The Right, True, and the Good

I recently began teaching my sixty-second semester of English courses. In my own reading and in the texts I choose to share with my students, I have always gravitated toward iconoclastic authors, meaning those who “buck the system,” “make waves,” “rock the boat,” and attack the “sacred cows” of society. Choose your own cliche. Such authors and their texts are not difficult to find, for there seems to be a fairly direct correlation between texts with a subversive bent and literary greatness: Shakespeare, Swift, P.B. Shelley, Twain, Kate Chopin, Joseph Heller, James Baldwin, Allen Ginsberg, Jack Kerouac, are among my favorite subversives. Much of this tendency of mine I attribute to my Jesuit college education at Xavier University, for the Jesuits have long been a thorn in the paw of Catholic orthodoxy. Those educators were the first to expose me to the great philosophers and truly to encourage me to think for myself and to question darn near everything.

At the onset of every new semester, especially in the age of “trigger warnings,” I inform my students, who are all either juniors or seniors, that I will consider myself deficient in my job if I fail to offend them at some point in the semester. I tell them directly that I hope to challenge many of their notions of what is “right, true, and good.” I do not overtly tell them what to think but to think. The fact is that, at their age, most of their thoughts on such concepts have never been questioned. Most of their ideas, values, and beliefs are not truly their own. For the entirety of their lives, most of them have simply tilted their heads back, opened their mouths, and swallowed whatever the adult influencers in their lives have poured in. They are usually not principles they have arrived at as the result of serious scholarship, consideration, or discernment, and they almost never have been exposed to ways of thinking and believing outside of the ones with which they have been inculcated. For the most part, they merely parrot the ideas, values, and beliefs that have been thrust upon them by various adults and, increasingly, by their peers.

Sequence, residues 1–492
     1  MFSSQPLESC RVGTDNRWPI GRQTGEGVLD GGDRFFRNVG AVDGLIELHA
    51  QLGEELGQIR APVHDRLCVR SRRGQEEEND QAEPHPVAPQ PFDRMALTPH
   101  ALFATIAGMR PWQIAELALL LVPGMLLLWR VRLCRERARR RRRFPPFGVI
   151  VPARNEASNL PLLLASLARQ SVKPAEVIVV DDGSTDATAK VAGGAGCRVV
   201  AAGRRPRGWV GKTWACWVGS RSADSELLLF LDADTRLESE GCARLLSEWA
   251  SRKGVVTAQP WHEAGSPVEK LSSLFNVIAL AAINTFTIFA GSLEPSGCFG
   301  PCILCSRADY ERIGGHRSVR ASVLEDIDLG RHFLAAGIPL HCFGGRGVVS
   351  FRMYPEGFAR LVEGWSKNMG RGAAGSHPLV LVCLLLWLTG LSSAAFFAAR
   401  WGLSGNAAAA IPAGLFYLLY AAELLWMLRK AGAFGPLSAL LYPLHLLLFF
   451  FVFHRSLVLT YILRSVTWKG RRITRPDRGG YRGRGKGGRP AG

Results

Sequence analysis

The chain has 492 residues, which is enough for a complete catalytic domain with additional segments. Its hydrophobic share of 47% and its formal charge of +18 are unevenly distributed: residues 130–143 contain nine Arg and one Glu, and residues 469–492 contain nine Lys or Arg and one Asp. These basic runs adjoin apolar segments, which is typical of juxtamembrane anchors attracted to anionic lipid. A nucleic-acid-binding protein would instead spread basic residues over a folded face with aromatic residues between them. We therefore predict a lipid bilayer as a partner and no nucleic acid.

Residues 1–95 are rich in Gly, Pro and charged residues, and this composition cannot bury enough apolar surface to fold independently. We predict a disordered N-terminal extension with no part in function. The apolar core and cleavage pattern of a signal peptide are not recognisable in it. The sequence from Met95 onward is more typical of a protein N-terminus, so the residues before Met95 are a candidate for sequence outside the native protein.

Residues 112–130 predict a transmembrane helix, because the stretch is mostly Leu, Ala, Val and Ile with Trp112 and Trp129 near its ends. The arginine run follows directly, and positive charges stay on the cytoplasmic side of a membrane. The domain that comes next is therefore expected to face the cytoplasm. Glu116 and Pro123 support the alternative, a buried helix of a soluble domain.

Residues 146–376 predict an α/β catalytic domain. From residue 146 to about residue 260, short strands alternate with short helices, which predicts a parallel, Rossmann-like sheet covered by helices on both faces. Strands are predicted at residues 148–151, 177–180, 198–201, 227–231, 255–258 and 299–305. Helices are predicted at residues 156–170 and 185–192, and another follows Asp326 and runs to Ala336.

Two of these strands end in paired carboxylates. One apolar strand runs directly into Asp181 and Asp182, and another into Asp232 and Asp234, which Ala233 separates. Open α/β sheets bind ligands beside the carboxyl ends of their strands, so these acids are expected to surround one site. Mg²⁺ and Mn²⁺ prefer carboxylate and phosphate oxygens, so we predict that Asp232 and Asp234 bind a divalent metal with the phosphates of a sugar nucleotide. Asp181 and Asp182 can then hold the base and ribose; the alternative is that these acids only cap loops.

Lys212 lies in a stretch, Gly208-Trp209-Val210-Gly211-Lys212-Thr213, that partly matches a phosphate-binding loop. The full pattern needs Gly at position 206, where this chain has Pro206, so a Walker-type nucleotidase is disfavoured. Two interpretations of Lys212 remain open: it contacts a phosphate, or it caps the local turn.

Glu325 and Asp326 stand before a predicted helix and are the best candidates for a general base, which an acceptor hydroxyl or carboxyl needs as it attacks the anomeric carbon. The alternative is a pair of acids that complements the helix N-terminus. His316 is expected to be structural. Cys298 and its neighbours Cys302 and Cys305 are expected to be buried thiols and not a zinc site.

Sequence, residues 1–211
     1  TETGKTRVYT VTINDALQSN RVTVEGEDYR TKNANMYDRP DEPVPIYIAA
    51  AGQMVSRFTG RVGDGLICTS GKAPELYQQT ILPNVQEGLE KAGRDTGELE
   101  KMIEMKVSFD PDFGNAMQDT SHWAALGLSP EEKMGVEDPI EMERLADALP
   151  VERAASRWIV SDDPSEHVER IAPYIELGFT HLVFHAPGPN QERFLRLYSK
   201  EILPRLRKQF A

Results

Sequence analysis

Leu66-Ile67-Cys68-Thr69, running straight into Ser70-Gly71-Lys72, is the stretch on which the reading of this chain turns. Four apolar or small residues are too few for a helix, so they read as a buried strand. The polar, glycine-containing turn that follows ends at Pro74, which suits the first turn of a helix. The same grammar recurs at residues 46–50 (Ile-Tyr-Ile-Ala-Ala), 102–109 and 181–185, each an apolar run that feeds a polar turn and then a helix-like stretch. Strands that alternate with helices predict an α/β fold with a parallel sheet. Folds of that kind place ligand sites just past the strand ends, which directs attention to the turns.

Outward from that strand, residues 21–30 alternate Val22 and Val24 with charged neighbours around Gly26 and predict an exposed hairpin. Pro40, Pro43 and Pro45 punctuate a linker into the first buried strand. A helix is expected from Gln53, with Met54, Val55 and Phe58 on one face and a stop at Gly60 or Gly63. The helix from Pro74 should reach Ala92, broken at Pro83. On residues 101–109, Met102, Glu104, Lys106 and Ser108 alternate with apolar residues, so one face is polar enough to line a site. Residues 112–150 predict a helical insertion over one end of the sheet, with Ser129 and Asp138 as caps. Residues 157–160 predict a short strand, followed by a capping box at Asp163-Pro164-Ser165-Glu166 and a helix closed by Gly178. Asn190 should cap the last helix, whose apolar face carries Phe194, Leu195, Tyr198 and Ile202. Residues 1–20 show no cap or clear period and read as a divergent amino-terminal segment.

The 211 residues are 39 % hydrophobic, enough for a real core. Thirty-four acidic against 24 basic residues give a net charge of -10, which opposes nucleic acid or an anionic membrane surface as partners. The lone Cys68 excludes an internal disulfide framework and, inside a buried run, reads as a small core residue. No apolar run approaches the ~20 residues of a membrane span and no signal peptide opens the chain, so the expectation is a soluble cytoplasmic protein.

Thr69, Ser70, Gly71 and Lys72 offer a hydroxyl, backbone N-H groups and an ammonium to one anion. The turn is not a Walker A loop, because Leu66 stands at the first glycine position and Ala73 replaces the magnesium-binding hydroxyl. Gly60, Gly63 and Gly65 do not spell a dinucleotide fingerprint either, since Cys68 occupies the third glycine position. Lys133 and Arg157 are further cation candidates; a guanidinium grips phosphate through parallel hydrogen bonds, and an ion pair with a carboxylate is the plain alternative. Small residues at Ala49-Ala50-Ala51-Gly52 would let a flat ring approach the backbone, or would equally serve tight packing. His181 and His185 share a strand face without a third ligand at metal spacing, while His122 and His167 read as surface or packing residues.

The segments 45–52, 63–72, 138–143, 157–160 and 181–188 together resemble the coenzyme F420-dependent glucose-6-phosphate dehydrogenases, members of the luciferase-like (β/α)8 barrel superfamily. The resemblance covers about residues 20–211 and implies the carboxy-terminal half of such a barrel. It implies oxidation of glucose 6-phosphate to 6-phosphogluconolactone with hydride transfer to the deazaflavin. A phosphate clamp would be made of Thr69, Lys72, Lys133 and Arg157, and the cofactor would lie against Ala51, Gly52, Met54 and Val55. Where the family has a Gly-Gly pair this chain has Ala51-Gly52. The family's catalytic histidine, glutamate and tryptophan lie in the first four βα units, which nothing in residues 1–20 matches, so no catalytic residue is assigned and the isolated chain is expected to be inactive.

I do none of this out of orneriness; although, I won’t deny it plays a role. Because I teach either actual college credit or college prep courses, I am aware that the majority of them will soon be off and living on college campuses with extremely diverse student bodies and faculties who will not necessarily share much of my students’ small town-engendered view of the world. They will be without those folks whom they have so long leaned on to form their ethics; therefore, it is the perfect opportunity to begin thinking for themselves and to decide for themselves what is actually “right, true, or good” for themselves. The sad fact is that we adults – intentionally or not – often fill them with some pretty awful ideas. I firmly believe I would be doing them a grave disservice if I sent them off to the university intellectually naive, under-armored, and unarmed.

I would argue that such a reexamination of the basic tenets of one’s belief and value system is beneficial at any age. Personally, I was in my late teens before I shed the majority of any racist ideas I’d learned; in my late twenties before I let go of homophobic language and insensitivities; in my thirties, I became a feminist; and in my forties, I jettisoned the narrowminded elements of my Catholic upbringing. I was led to the majority of these awakenings by iconoclastic authors who challenged my own learned sense of the “right, the true, and the good,” and I continue on my quest to be a better person by continuing to seek out alternative views.

Nothing is “right, true, or good” simply because an elder or a book says it is. I would challenge anyone who reads this to take a personal inventory to discover what in their own worldview might be in need of a tune up or complete overhaul. What I tell my students is that if I challenge their notions of what is “right, true, and good,” and they still cling to those ideas, then those notions will only be strengthened in the crucible of honest examination, but if not, then it might be high time to start thinking for themselves.

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Published by tyfroth

My primary passion and vocation is teaching literature and composition on both the high school and university level. My avocation is writing novels that explore contemporary themes/issues relevant to both young adult and adult readers.

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